As part of her work on Tate’s Archives & Access project Liane MacIver, Archive Data Inputter, looks at Paul Nash’s wartime letters
To mark the centenary year of the start of the First World War I’m going to be showcasing some of the records related to artists throughout the conflict.
In the first of my posts I’m going to look at Paul Nash, who became a notable war artist during the First World War.
Tate Archive holds letters sent from Paul Nash to his family and wife, Margaret, during the war.
After attending the Slade School from 1910–1911 Nash was making a modest income from his art when the First World War broke out. Following his enrolment, Nash was stationed in barracks in England during 1915–1916.
It wasn’t until February 1917 that he made his first trip to the front line as a Second Lieutenant in the Fifteenth Battalion of the Hampshire Regiment. His letters, some of which are illustrated, describe life in the trenches and his disillusionment with war.
Though Nash survived the war it wasn’t without injury and in May 1917 he fell and broke a rib which led to a long spell in hospital in England. Among Nash’s letter is the notification of his injuries addressed to his wife, Margaret.
Drawing on the front line
Nash’s letters also show that he was drawing throughout his time on the front line and mentions drawings he was working on and exhibitions he was organising.
Following his injury, Nash held his successful wartime exhibition Ypres Salient at Goupil Gallery in 1917. The exhibition, along with testimonials from his contemporaries addressed to John Buchan, the Director of Information, led to Nash’s appointment as a war artist.
Tate Archive holds a number of letters from artists and writers, including Henry Tonks, Roger Fry and Frank Rutter, highlighting Nash’s suitability as a war artist. When Nash returned to the conflict in late 1917 it was to record the war with his art.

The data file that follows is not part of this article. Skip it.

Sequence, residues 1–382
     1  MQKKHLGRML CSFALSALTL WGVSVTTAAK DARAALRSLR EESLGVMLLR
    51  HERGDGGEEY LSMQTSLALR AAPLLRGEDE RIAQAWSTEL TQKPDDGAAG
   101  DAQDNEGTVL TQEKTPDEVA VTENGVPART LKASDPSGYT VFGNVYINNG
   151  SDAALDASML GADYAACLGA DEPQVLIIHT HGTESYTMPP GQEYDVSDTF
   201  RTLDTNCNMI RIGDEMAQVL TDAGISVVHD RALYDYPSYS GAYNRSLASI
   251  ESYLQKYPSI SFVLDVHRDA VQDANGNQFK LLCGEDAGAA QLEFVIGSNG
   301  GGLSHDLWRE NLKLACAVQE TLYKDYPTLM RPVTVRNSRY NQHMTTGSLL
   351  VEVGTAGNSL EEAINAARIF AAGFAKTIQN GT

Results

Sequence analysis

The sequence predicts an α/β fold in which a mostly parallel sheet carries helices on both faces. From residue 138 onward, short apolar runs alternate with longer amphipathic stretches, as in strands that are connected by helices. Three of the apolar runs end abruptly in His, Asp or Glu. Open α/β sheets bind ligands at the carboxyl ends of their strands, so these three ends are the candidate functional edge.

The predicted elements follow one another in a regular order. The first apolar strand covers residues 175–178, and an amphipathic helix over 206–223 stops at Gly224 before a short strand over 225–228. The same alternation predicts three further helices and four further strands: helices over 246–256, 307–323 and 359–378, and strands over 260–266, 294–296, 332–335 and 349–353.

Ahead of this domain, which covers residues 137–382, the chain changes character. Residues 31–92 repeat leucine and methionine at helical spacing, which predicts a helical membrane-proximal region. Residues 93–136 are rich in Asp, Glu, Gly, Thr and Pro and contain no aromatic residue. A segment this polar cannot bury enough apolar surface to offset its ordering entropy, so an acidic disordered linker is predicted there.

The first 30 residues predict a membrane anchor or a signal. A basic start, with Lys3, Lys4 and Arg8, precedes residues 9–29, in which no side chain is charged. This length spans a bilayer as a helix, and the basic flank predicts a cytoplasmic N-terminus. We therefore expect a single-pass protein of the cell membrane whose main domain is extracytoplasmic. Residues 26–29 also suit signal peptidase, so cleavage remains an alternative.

In his letters there is an overwhelming sense of Nash’s fascination with the landscapes and nature around him which he describes at length and is reflected in his art at this time. Much of Nash’s art depicting war-torn landscapes from this period is in the Imperial War Museum collection.
The war artist as messenger
The role of the war artist was to record the war, both from the front line and the home front, for documentation and propaganda purposes.
Nash acknowledged the importance of his role as war artist, writing to Margaret about his work in 1917
I am no longer an artist interested [and] curious. I am a messenger who will bring back word from men fighting to those who want the war to last forever. Feeble, inarticulate will be my message but it will have a bitter truth and may it burn their lousy souls.
Paul Nash is just one of 52 artists included in the Archives & Access project. In Autumn 2014, 52,000 pieces from Tate’s archive will be accessible online through the Art & Artists section of our website.